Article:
An Evolution of Legal History About Whether Cell Phones Cause Tumors
To be clear, it is not “news” that cell phones cause brain tumors. Not today as the appeals court has delivered its verdict, and not in 2017 when the original ruling came down.
Scientists, activists and average consumers have been making these claims for decades.
On January 21, 1993 a Florida businessman named David Reynard went on CNN’s Larry King Live. Reynard was there to discuss a lawsuit he had filed against cell phone maker NEC. He alleged that his 33-year old wife had died from a brain tumor that resulted from her use of a cell phone.
Reynard presented x-rays of his wife’s brain. These showed that the tumor had grown right where his wife, Susan, had held her phone for hours each day. And a lot of people immediately became very concerned.
Shares of cell phone makers started tanking the next day. Motorola’s stock price declined 20% in the week following Reynard’s appearance. McCaw Cellular saw their shares drop 15% in the same window.
But, Reynard lost his suit in 1995. The Florida Circuit Court ruled that there was no evidence that cell phones can cause cancer.
And that’s true. By the early to mid 1990s, there were no real studies into the long term health effects of cell phone usage.
The Landscape Has Shifted
But today, the landscape has shifted. In the intervening decades, a large body of evidence has emerged. Large enough that we now, for the first time in human history, have a legal ruling that cell phones cause cancer.
So while it’s not news that cell phones cause cancer, it is news that a court has recognized that fact in a legal ruling. That creates a precedent. And it’s been upheld on appeal– that creates a much stronger precedent.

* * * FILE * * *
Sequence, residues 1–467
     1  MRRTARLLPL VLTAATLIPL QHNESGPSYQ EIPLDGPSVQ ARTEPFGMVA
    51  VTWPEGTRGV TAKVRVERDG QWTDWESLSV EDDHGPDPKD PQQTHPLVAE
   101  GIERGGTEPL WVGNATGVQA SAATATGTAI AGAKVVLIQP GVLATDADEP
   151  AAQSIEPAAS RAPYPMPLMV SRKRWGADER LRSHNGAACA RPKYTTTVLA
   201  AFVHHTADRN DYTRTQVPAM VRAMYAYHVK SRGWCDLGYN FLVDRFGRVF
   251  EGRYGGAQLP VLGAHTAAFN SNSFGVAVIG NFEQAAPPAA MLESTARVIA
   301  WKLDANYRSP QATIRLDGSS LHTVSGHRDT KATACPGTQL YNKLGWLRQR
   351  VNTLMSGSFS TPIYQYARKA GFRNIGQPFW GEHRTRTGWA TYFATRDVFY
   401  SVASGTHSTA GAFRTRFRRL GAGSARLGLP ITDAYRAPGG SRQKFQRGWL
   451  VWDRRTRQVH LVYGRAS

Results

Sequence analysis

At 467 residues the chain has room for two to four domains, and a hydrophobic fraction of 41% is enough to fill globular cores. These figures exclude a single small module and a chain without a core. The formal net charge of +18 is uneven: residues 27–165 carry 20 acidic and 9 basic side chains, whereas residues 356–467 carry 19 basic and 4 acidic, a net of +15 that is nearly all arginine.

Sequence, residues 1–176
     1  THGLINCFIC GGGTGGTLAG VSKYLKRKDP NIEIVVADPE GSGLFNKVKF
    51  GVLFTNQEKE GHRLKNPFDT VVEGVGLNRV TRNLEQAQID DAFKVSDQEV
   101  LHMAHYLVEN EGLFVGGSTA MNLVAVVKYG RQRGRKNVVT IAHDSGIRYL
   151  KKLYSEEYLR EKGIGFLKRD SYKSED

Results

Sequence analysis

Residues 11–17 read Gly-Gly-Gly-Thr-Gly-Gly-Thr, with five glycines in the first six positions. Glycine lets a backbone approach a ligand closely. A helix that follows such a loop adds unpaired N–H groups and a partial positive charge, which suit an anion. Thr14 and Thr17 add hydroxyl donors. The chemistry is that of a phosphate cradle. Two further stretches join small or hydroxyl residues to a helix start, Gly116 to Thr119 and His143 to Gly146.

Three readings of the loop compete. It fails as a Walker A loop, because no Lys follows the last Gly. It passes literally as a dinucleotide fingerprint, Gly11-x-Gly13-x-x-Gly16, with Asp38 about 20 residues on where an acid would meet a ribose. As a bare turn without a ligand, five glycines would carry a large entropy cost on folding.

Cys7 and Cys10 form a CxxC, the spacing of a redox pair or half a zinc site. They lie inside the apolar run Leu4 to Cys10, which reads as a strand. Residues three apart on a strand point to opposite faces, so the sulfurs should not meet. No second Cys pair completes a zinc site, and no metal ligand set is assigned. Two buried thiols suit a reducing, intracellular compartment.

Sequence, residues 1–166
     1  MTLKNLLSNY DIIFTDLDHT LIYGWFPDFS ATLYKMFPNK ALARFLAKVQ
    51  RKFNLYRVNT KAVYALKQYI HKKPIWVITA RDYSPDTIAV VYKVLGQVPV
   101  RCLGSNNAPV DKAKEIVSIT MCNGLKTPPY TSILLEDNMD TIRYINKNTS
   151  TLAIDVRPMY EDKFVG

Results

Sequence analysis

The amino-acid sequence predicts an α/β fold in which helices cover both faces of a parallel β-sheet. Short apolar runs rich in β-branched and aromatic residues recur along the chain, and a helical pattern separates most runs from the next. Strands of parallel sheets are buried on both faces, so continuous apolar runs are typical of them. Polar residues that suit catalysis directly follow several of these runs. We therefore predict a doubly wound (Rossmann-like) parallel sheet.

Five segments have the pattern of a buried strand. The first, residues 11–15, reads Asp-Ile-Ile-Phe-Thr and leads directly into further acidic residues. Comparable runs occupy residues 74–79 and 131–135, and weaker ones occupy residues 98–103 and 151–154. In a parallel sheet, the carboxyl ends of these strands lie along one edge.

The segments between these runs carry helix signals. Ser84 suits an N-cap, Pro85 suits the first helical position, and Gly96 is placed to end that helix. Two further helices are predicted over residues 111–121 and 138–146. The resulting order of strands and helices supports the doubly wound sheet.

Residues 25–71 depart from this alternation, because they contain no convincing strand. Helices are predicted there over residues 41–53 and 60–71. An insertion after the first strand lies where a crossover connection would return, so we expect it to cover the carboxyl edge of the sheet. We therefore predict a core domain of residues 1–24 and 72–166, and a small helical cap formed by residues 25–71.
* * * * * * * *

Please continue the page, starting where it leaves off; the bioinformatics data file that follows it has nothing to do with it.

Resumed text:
And it’s a precedent that is likely to grow stronger, rather than weaker, in future litigation. Each event like this Italy cell phone verdict chips away at the wireless industry’s claims that cell phones are safe.
(Just like the Berkeley warning label law before it. And the recent news that the California Department of Public Health kept its cell phone safety guidelines secret for years. The court’s refusal in this case to accept tainted scientific studies provides another important precedent. Namely, that the courts recognize that not all science is equally valid.)
What This Means in the Long Term
Cell phones are not going away. It doesn’t matter how many legal rulings there are. Or how many scientists publish studies linking cell phones to cancer. Heck, Tim Cook could come out tomorrow and explain iPhones cause brain tumors, and there would be no impact on iPhone sales.
Modern society is completely dependent on wireless technology to function.
But, with each event like this, the more the body of scientific evidence and legal precedent grows. That means we are approaching a point when the wireless industry will be forced to admit their products are not “safe” (as they have claimed for decades).
That’s when a critical mass of people will start using this technology with precaution. A level of precaution fully justified by the risks.